I named my daughter Natalia (nicknamed Nena) after Natasha Rostova in War and Peace. Sam’s middle name is Leo (Tolstoy’s first name.)

Both my mother and I reread all of Tolstoy’s books many times during our lives. We talked about them again and again. We changed our minds about different characters and interpreted events and relationships in contrasting ways. Tolstoy gave us the vocabulary to discuss themes and subjects that we might not have had the courage to discuss otherwise.

As my mother grew sicker from Alzheimer’s Disease, she grew fearful and suspicious of the world around her and all its inhabitants. She slept less and less. Nothing seemed to follow the rules of behavior that her reshaping mind dictated.

Except for Tolstoy.

In the last year of her life she could not read. She hardly slept. She did not know who any of us were. She had lost most of her connections to the outside world.

But many nights, Jeff and I found her lying on the living room sofa tightly holding on to one of the volumes of the soft, worn out copy of War and Peace. She pretended to read.

Sometimes she held the book upside down.

When none of us could bring her comfort, Tolstoy did. Not with direct words anymore, but with the deeply ingrained memories and shadows of the world he created. Of the girl and woman that she once was. It was the one stable, unmoving constant in a life rapidly degenerating out of control.

My mother held on to that book until she died.

February 17, 2010

Dinner with Friends

Posted in Children, Family, Food, Friendships, Good people, Health, Recipes, Serbia tagged , , , at 8:08 am by Liliana

Dinner with friends

Dinner with friends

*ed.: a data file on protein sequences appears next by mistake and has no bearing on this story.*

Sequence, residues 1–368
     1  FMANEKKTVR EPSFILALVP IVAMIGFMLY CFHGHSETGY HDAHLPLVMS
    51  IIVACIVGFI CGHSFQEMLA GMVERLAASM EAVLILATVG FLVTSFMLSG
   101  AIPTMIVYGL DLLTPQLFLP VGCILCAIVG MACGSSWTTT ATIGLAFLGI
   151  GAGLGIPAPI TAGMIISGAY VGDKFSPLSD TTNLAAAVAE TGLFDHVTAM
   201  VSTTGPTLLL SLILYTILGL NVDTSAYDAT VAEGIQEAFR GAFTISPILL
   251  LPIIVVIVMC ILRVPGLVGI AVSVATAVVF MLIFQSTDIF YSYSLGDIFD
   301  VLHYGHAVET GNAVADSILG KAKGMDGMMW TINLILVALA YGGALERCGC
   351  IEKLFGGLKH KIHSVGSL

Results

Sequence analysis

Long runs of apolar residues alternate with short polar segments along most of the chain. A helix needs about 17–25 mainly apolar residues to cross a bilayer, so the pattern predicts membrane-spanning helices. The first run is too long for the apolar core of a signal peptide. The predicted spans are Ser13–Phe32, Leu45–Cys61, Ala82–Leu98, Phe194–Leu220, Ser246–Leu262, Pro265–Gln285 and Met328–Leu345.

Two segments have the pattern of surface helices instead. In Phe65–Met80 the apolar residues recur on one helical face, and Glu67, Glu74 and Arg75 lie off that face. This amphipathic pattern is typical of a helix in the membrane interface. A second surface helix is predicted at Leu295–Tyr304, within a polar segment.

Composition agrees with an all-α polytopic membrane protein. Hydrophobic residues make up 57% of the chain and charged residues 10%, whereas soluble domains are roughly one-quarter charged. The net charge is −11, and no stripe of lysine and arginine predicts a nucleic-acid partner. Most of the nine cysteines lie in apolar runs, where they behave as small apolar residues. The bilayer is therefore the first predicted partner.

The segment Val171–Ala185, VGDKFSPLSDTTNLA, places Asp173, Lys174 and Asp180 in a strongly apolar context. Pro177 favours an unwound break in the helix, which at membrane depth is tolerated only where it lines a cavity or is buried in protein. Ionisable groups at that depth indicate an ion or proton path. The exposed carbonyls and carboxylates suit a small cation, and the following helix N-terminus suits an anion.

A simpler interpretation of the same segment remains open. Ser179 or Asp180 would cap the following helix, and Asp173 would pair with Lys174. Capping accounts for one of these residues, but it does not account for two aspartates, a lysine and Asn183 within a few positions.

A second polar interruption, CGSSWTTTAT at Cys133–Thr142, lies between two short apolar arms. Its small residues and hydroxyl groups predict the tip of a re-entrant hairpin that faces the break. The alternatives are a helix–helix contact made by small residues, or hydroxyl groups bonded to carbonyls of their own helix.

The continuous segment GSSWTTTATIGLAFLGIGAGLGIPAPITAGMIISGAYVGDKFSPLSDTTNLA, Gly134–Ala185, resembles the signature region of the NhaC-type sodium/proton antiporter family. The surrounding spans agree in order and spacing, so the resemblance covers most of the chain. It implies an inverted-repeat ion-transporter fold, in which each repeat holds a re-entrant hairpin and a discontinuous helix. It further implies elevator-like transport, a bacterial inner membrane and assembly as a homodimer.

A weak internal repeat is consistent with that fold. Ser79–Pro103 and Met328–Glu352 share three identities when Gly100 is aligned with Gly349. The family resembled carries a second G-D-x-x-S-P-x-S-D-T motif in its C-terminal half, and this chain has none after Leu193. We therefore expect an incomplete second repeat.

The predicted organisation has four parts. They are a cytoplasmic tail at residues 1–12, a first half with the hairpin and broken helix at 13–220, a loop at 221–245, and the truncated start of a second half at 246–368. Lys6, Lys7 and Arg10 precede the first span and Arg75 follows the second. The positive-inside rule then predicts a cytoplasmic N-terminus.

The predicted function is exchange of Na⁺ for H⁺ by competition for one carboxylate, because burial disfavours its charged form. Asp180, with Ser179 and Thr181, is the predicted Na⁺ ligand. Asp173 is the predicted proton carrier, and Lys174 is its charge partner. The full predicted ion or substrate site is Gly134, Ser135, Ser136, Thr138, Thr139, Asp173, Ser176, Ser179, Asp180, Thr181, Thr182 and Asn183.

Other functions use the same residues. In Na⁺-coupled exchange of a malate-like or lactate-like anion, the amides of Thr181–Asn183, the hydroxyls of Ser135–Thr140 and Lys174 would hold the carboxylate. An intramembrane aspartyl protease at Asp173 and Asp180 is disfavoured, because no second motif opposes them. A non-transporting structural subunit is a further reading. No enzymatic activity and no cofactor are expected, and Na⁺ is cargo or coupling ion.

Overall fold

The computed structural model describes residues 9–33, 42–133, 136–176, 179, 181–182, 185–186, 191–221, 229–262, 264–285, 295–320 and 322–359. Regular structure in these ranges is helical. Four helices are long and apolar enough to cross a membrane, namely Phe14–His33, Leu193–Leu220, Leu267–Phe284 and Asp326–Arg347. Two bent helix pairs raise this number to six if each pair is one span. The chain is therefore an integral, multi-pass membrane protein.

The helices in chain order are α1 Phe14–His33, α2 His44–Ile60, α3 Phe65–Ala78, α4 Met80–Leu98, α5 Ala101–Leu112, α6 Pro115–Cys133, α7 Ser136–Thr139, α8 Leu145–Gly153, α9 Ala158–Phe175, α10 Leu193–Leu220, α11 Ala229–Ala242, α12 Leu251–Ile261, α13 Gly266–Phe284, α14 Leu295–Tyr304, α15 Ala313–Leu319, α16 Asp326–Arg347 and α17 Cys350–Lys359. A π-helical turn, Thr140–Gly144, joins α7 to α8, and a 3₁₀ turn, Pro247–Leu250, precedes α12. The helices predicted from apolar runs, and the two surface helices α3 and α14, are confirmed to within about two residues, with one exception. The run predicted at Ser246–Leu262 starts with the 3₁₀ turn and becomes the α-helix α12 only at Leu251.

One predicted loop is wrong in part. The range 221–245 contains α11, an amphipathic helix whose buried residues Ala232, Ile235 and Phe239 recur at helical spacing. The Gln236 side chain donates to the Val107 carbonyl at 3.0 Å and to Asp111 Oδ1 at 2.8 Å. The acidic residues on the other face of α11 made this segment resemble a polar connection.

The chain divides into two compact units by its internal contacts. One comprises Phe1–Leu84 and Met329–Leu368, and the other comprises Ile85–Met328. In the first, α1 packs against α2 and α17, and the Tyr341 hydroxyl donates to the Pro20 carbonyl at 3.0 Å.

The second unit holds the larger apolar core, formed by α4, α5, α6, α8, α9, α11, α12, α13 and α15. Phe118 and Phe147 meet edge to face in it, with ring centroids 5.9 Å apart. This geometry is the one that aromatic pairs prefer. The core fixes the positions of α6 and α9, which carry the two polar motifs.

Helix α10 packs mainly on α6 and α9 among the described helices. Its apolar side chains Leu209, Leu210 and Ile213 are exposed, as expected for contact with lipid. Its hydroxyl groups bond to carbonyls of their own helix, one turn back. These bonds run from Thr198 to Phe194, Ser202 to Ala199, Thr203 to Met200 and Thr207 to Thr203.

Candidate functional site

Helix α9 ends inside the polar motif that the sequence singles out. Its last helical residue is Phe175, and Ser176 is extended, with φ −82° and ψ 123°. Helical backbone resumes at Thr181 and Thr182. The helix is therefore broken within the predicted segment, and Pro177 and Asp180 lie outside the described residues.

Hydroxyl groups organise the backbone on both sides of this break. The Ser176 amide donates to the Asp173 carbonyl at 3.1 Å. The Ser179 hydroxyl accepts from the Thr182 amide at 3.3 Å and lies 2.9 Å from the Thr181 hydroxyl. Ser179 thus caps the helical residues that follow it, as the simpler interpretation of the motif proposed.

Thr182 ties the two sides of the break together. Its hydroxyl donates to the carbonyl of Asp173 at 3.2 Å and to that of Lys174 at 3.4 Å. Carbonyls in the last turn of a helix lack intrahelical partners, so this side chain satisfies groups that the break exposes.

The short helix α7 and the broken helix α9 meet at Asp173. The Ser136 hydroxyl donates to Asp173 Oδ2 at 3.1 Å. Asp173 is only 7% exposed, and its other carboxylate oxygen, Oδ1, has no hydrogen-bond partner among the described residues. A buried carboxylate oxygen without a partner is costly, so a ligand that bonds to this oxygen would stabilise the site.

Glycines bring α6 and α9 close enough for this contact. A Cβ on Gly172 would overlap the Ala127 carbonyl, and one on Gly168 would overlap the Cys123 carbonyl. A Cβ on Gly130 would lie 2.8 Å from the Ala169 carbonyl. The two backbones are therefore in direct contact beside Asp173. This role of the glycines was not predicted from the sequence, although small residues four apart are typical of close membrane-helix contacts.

A few nights ago, we had dinner with old friends. Between the nine of us, three generations were represented. It was one of those magical evenings when no one was  in a hurry or longing to be somewhere else. The fire was burning in the fireplace, Ella was singing on the CD player, appetizers and wine glasses set out. We sampled home-made hummus and pita bread, had a glass of wine or mineral water, and caught up on the news of the past few weeks.

When we sat down to eat, everything about the table made us want to sit and linger for a long time. The dishes made me think of Tuscany. The menu took me to Serbia and the memory of my mother. I haven’t had home-made, stuffed grape leaves since my mother died six years ago, and the pungent flavor brought joy and memories of childhood. There was also chicken with mushroom sauce, grilled vegetables and wild rice. And for dessert, a wonderful orange cake; people kept having seconds, and not a crumb was left over.

After dinner, we sat in a circle in the living room, had coffee and talked. Conversation meandered between the economy, job losses, the state of the world. My niece will be starting college next year and we wondered about the future of education and various options for young people. Our conversation was earnest and serious, but no one was anxious. When we left to go home later that night, the winter seemed to have lost some of its bite.

Dairy-free orange cake

  • 2 eggs
  • 1 cup sugar
  • ¾ c. brown sugar
  • 2/3 c. oil (corn, canola, or similar)
  • 2 large oranges (for zest and juice)
  • ½ t baking powder
  • ½ t baking soda
  • 1 ½ cup flour

Preheat oven to 375 and grease a springform pan.

Beat eggs and sugars until light. Add oil. Add zest of the two oranges and then squeeze them (you need 2/3 cup orange juice, so you might need to add a bit) and combine well. Add the dry ingredients and combine well.

Pour into springform pan and bake for about 40-45 minutes, until cake tests dry in the middle.

When cooled, unmold and top with the glaze:

  • ½ cup confectioners’ sugar
  • 2 T orange juice

Stir together until smooth and dribble over cake with a spoon.